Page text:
[00:21:57.360] – Samantha Ruberto

So it’s given me a lot of confidence, too, in terms of like my capabilities of what I could be or what we could accomplish. And that’s one thing in life. It’s just because I had been a realtor for so long and identified as being a realtor, why cannot be a podcaster now just because you’ve done something your entire life? Who’s to say that I couldn’t or you couldn’t pick something else and start something from day one and just roll with it?

[00:22:20.430] – Samantha Ruberto

It’s really given a lot of confidence that anything is possible, that as long as you have your heart in it and you’ve got the commitment and the drive to do it, you can figure it out, too. Everybody has a starting point.

[00:22:30.810] – Brett Dupree

Very true. Lucky. One of my starting points was I have a tech background.

[00:22:34.970] – Samantha Ruberto

Do you? OK. So that really helps.

[00:22:37.570] – Brett Dupree

Do you have any fun success stories to share from your coaching or podcasting?

[00:22:40.920] – Samantha Ruberto

Oh my gosh. So many success stories. One of my clients I was just working with, she was a busy mom, working her nine to five, doing all of the things. And she had this little dream inside of her that she wanted to pursue coaching, but she didn’t really know what it looked like. She didn’t really know-how. She wasn’t really on the path at all. And so when I talked to her, she initially gave herself a two-year deadline to step into it, to give enough time to have enough cushion to have like enough this enough that to actually step into it after we working together.

[00:23:11.010] – Samantha Ruberto

Do you want to take a guess of how long it took her to actually step into her new path?

[00:23:16.590] – Brett Dupree

Five years.

[00:23:18.000] – Samantha Ruberto

Two months. So within two months of us working together, we started working together in January. And two months later, she quit her full-time job. She stepped away from it. She saw her value at her worth and she had the confidence to pursue her dreams. And that to me, just to take somebody, give her the space for the first time in her life, speak about her dream of pursuing coaching and going after this and holding space that she could actually say, OK, I’m going to do this in two years.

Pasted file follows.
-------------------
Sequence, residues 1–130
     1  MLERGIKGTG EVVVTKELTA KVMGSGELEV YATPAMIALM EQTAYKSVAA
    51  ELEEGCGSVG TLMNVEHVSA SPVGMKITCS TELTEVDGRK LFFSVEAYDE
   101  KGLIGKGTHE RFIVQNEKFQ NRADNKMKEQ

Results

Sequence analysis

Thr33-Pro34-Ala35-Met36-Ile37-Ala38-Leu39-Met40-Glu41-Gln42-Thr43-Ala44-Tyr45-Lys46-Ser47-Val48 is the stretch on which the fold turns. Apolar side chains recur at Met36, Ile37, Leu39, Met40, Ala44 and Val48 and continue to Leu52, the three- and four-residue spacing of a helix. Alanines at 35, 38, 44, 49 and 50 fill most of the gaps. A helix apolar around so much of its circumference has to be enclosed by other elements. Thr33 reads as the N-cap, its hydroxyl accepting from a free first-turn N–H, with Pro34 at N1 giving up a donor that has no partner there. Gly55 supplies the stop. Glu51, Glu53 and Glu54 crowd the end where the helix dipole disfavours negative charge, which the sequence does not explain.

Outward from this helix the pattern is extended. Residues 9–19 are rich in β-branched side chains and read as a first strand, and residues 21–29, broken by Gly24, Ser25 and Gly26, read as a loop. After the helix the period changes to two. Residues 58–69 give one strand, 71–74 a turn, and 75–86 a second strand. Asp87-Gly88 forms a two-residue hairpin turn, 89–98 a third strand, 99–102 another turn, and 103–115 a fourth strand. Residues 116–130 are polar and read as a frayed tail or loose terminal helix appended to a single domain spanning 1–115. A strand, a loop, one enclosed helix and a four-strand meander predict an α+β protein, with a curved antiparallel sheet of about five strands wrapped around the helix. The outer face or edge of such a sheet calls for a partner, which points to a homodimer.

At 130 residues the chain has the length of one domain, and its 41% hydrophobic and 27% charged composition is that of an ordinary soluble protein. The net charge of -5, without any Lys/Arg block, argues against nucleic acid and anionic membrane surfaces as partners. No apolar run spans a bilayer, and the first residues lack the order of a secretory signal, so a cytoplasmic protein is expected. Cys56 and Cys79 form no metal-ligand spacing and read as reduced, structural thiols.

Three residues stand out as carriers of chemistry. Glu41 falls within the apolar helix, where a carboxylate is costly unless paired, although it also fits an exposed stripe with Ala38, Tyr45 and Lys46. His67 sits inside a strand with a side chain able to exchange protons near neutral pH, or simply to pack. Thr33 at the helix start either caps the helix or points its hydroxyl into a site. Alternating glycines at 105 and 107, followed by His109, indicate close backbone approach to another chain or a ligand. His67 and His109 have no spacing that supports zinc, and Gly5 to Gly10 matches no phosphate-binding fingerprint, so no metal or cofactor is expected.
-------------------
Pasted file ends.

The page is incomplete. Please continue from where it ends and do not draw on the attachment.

[00:23:47.090] – Samantha Ruberto

And for me to say, yes, yes, yes, you can. And then every single week work with her and question and push her a little bit and kind of help her. She just not only spoke her dream brought awareness to it, but actually took it from two years to two months. To me, that’s a success. That’s helping her step into her power. And now I see her coaching and helping other women and showing other women it’s possible that that lights me up.

[00:24:08.290] – Samantha Ruberto

That’s pretty fun to look at. To think that just because we work together, she’s literally walking the path of her higher power. I think it’s pretty cool.

[00:24:16.090] – Brett Dupree

That is pretty cool. We are coming to the end of our time together. And one thing I’d like to ask my guest is to do a one minute the motivation. You can imagine this as if you have a time machine and you’re going back to your eight-year-old self and you want to convey everything you need to live a happy, joy-filled life. But unfortunately, you’ll have a minute until your pop back into the future. Or you can think of it as taking your entire lives, message, and purpose and condensing it down to a minute. So you’re ready?

[00:24:39.940] – Samantha Ruberto

I am ready. Let’s go. You are meant for such amazing things in this lifetime. Listen to your heart tune and give yourself space to be able to play and tap into what your heart desires. Your heart will always guide you in the right direction. You just need to listen to it and have faith. Take the leap. Go after the things you want. There is a higher plan for you. There is a path that you will be walking that’s going to light the way for other people to do it.

[00:25:07.450] – Samantha Ruberto

This is not about just you. It is about walking that path and showing others that it’s possible. So shine bright. Turn up your light and put a smile on your face and go because the world is waiting for you to shine. Has it been a minute now?

[00:25:25.020] – Brett Dupree

however long it was, it was very beautiful.

[00:25:27.380] – Samantha Ruberto

Thank you.

[00:25:28.630] – Brett Dupree

Thank you, Samantha, for being on my podcast. I really enjoyed listening to your journey of somebody who seemed to have it all and fit perfectly in that societal box. But you allowed Spirit’s source or whatever you want to call it to talk to you and you listen to it and spent time and figured out what you needed to truly shine in this world. Then there’s a lot of people out there to believe that there’s more to life than what they’re living now. So to listen to someone’s story, who went through similar things, and we’re able to step out and go travel and enjoy life and then to come back and help other people do the same as even more special. So thank you so much for everything you do. And thank you so much for being on my podcast.

[00:26:08.160] – Samantha Ruberto

Thank you. Such a pleasure. Thank you for everything you’re doing. I just have to acknowledge you in the light that you are.

[00:26:14.660] – Brett Dupree

May your day be special.

[00:26:15.750] – Samantha Ruberto

You too.